Contesting A Beneficiary
Contesting a beneficiary on a life insurance policy can be a very tricky and costly venture. The Insurable Interest provision was eliminated in 1991 to pave the way for other types of domestic partnerships to be treated as fairly as married couples. The insured party has the right to name whom they wish as their beneficiary. Courts will always take a special interest in cases where the deceased was elderly and recently changed their policy to reflect a new care person or “friend.” Unfortunately, the insurable interest needs to only be a factor when the policy is purchased. That is why it is vital to keep the beneficiary up-to-date on the policy.
If the deceased was in their right mind at the time they named the beneficiary, it can be very difficult to contest the insurance policy, though not impossible. Special circumstance can be taken into consideration when a policy is up for contest. If only one sibling is named in the life insurance policy, then a judge might split the policy pay out between on the children of the deceased.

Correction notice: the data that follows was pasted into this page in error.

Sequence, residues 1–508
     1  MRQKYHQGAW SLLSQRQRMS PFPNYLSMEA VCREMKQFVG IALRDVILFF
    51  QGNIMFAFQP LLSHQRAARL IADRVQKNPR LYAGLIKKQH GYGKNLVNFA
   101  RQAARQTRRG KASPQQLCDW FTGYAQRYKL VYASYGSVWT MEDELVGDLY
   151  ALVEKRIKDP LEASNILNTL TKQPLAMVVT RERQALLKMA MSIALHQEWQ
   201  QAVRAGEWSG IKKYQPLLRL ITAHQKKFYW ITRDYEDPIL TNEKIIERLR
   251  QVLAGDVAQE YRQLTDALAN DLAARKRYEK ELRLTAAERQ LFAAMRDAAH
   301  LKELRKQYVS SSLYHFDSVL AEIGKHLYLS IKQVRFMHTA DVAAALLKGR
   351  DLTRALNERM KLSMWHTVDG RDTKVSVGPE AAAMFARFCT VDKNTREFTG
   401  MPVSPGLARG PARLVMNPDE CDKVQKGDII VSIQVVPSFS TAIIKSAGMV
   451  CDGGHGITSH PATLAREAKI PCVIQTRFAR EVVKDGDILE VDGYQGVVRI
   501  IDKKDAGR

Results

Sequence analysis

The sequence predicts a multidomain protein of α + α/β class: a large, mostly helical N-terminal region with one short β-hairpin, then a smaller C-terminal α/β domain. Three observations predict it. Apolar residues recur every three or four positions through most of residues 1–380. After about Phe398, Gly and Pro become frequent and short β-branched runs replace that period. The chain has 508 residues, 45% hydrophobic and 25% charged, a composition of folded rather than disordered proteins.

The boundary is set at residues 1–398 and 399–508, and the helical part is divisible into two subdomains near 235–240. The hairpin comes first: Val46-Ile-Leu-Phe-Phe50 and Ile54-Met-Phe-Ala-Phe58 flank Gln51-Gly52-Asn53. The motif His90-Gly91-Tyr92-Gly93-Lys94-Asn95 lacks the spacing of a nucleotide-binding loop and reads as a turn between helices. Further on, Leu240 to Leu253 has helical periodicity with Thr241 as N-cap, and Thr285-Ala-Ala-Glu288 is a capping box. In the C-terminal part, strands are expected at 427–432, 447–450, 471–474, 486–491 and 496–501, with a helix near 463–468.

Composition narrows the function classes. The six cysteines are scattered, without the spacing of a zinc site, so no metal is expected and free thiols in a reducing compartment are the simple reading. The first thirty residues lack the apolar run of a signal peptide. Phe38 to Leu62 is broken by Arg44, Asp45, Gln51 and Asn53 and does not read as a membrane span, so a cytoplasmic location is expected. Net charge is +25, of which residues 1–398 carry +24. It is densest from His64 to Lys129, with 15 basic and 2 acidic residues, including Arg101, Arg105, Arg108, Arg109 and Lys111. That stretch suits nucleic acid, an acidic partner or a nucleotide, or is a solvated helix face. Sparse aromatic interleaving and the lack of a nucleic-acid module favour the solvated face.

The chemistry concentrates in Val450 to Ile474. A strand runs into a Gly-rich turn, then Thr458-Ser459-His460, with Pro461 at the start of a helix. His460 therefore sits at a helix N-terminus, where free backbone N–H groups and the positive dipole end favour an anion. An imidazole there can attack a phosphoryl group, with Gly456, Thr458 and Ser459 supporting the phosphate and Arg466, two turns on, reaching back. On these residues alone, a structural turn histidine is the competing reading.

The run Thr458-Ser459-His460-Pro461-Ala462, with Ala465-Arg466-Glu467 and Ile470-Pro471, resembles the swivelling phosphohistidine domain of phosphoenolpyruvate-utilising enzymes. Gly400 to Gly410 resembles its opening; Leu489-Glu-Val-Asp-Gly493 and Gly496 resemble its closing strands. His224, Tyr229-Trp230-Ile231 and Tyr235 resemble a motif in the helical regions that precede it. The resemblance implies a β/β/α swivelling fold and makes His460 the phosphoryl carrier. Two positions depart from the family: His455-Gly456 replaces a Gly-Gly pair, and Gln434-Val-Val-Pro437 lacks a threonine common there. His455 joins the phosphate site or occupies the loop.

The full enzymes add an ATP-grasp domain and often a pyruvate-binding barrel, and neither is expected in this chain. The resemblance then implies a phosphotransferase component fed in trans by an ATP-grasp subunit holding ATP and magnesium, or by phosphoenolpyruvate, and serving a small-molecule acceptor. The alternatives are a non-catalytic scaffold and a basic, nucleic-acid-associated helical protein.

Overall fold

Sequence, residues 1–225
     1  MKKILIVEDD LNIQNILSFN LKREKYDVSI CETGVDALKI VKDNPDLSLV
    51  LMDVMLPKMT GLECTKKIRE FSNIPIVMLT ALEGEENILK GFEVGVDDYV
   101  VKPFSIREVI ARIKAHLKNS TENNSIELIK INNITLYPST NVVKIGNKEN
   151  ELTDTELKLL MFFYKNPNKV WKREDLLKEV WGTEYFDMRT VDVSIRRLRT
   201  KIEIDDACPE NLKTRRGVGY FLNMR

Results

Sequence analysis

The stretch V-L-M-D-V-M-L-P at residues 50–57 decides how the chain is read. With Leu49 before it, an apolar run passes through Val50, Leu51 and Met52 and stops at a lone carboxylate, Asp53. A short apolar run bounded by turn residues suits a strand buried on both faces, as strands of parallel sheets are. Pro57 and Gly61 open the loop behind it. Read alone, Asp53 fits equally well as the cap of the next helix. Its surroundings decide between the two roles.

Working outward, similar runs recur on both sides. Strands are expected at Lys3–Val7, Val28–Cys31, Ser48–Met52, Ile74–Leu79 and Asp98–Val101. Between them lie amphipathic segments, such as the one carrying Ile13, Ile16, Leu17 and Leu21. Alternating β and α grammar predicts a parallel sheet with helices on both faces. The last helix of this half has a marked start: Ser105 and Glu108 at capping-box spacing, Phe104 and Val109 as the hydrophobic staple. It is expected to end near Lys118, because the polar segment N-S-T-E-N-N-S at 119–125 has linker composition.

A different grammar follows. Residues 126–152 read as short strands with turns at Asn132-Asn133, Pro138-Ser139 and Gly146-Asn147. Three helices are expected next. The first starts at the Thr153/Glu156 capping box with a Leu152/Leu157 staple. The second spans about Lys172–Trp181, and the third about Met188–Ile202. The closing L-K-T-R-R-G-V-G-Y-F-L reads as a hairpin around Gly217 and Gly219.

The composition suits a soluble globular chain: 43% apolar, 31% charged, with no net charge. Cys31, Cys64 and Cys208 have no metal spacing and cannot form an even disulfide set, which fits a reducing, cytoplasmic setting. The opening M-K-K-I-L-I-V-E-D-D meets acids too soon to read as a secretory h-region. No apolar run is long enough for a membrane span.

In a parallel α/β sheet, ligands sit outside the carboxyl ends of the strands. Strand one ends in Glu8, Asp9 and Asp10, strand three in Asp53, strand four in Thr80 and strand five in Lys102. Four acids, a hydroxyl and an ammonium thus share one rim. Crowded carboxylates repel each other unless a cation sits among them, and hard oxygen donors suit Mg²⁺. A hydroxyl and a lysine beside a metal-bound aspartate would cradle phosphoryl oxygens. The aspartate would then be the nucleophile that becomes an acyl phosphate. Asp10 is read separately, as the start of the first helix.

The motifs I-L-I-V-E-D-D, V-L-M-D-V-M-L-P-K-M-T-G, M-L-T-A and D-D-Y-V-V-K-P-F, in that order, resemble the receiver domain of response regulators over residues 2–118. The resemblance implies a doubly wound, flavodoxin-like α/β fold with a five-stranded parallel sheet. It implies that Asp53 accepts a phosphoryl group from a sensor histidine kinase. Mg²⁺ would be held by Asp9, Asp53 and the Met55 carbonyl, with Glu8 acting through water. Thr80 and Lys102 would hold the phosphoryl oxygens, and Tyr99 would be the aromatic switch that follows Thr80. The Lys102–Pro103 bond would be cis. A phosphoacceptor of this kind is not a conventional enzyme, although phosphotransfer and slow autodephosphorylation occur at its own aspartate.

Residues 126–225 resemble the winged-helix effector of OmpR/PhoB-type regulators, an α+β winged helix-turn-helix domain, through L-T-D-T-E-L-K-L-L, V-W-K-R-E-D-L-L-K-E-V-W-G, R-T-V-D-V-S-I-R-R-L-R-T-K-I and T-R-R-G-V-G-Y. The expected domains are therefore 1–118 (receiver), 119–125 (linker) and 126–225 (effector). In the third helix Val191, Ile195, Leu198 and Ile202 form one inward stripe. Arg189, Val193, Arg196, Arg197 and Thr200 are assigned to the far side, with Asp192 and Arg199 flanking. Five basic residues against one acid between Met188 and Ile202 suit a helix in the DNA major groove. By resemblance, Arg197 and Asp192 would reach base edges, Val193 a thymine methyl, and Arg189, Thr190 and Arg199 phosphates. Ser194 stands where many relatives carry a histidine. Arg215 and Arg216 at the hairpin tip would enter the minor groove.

Ultimately, it is up to the policyholder to keep their beneficiary current and relevant to their current situation. When it comes to naming children as beneficiaries, it is not necessarily a good idea. The children will typically not have access to the money until they are eighteen years old. Therefore, immediate expenses that need to be covered will not be paid through the life insurance policy. It is always a good idea to name the children’s primary caretaker (besides you) as the beneficiary. If you are divorced you can set up a trust for the children that will become available to them on their eighteenth birthday.